Do you need to declare your workplace relationship to your employer?
Workplace relationships may generally be beyond the scope of employer regulation. However, many do have policies in place that require employees to declare if they are in a romantic relationship with a colleague. An investigation conducted by Fairfax Media revealed that such policies are widespread amongst Australia’s largest companies. Of the 57 companies Fairfax contacted, 48 said that they had policies in place to address workplace relationships. None of these policies, however, were found to place an outright ban on office romances.
Many of these policies require those in a romantic relationship with a colleague to declare as such to a manager or the human resources department. This is to ensure that couples working in the same team can be separated so as to avoid any conflicts of interest and power imbalances.
Declaring a workplace relationship conflict of interest
Depending on your employer’s internal policies, you may be required to declare your workplace relationship to ensure they are aware of any potential conflicts of interest. This is especially the case if you are the subordinate or superior of the colleague with whom you’re romantically linked. Even if your relationship may not lead to a conflict of interest, you may still need to declare it to your employer if it leads to an appearance of a conflict of interest.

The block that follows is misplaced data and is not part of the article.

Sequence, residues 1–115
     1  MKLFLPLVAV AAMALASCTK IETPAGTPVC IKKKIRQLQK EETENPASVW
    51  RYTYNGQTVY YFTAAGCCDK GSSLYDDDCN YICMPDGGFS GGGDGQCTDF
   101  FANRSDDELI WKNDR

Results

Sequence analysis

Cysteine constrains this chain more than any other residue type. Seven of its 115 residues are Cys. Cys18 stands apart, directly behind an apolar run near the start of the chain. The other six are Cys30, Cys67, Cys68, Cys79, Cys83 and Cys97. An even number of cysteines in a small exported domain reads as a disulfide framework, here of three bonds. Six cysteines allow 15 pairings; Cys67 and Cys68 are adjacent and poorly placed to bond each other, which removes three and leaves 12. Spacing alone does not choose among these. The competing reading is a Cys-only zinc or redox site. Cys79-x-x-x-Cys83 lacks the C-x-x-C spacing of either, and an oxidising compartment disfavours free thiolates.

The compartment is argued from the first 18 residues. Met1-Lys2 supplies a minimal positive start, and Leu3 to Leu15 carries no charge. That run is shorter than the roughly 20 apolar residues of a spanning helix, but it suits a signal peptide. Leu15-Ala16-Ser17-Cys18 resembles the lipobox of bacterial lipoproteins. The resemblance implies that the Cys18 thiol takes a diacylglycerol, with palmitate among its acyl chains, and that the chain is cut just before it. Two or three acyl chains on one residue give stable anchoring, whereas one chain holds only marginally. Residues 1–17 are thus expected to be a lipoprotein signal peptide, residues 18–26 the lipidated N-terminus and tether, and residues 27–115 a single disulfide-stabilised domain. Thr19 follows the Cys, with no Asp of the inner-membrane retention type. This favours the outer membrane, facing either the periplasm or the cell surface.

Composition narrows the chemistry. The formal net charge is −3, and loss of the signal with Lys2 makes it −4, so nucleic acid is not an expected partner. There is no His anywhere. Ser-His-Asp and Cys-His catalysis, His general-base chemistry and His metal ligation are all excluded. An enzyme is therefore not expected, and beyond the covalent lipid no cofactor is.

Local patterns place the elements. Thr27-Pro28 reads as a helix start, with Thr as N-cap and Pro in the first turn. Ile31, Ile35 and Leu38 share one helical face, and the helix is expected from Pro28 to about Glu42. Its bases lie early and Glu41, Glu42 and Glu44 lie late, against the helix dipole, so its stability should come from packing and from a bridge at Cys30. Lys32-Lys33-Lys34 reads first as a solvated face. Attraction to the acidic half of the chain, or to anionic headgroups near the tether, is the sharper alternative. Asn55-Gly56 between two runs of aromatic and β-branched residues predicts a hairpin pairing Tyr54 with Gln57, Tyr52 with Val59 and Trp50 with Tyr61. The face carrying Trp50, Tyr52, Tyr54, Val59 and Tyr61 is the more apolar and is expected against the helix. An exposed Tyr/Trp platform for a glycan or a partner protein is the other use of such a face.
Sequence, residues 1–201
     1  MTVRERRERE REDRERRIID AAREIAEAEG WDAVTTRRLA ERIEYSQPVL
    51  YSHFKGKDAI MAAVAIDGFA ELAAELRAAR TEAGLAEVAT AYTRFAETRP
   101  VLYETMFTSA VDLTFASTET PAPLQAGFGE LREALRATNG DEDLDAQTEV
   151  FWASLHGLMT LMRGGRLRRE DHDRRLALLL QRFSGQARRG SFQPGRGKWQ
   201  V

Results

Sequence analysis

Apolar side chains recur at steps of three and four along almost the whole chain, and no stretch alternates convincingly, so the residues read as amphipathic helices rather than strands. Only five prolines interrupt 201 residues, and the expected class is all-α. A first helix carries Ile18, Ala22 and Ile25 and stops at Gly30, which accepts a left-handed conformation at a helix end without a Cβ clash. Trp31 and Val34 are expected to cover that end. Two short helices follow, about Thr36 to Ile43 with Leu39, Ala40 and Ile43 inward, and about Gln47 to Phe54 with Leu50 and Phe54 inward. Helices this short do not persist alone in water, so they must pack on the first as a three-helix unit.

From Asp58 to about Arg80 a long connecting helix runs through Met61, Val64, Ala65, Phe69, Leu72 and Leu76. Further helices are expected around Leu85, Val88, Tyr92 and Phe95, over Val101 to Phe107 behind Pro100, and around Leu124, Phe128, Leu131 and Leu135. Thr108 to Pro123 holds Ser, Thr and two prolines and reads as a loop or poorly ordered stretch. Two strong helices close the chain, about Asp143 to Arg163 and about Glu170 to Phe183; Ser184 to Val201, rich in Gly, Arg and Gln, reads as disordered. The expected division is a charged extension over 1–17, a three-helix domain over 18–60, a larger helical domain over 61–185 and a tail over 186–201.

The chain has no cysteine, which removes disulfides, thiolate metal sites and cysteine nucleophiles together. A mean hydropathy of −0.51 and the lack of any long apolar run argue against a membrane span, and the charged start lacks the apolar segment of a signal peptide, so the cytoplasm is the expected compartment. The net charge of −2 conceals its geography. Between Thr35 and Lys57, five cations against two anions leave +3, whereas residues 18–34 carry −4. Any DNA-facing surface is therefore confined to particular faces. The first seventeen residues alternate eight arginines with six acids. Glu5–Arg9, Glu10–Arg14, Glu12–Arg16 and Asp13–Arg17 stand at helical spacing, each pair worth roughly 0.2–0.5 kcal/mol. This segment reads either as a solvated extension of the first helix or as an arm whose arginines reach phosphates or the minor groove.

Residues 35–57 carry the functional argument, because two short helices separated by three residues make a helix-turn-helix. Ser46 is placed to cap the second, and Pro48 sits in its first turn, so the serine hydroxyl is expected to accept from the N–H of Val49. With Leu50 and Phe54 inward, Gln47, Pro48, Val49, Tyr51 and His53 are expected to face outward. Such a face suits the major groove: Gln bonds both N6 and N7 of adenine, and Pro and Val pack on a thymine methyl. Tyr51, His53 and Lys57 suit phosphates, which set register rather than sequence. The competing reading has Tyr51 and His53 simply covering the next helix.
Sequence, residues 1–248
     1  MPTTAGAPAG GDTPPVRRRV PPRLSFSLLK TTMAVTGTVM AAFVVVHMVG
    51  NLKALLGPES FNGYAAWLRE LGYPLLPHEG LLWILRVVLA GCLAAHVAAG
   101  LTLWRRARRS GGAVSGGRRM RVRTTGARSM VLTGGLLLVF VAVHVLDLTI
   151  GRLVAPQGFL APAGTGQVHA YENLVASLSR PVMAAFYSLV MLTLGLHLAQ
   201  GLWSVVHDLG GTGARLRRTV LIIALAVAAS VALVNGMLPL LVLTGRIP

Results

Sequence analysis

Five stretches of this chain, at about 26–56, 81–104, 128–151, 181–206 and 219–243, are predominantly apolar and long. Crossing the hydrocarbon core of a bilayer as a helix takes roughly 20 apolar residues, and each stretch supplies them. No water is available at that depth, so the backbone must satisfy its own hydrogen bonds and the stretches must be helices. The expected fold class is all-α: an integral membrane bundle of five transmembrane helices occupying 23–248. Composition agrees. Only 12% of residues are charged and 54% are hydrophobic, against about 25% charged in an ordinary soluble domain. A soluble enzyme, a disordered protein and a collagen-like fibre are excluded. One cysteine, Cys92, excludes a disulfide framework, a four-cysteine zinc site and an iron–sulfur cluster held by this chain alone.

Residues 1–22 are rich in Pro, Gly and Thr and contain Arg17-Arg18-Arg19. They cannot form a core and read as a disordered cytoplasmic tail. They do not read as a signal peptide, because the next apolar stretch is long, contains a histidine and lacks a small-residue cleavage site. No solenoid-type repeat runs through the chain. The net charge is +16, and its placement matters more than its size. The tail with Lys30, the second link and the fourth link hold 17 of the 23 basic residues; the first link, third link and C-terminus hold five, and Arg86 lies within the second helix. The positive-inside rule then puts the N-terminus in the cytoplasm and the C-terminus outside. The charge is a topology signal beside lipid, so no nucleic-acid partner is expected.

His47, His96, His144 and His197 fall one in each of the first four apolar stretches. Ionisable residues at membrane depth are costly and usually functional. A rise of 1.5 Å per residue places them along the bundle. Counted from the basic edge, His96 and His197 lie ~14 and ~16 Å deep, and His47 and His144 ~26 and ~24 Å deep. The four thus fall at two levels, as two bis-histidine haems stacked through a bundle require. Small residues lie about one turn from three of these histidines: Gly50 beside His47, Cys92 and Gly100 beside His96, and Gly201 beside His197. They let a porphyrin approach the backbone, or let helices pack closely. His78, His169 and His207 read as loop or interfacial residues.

This is essential as it must be clear to all employees and the general public that there’s no suggestion of a conflict of interest. The Fairfax investigation found that many company policies prohibit couples from being in the same reporting line. This is the case at the Commonwealth Bank of Australia, which prohibits couples from being in the same team, particularly if one party is more senior to the other.
While at PwC Australia, employees must abide by a “Close Personal Relationships at Work” policy. This requires employees to declare if they are in a close personal relationship with a co-worker “where they are in a position to make or exercise significant influence on a relevant decision for that person.”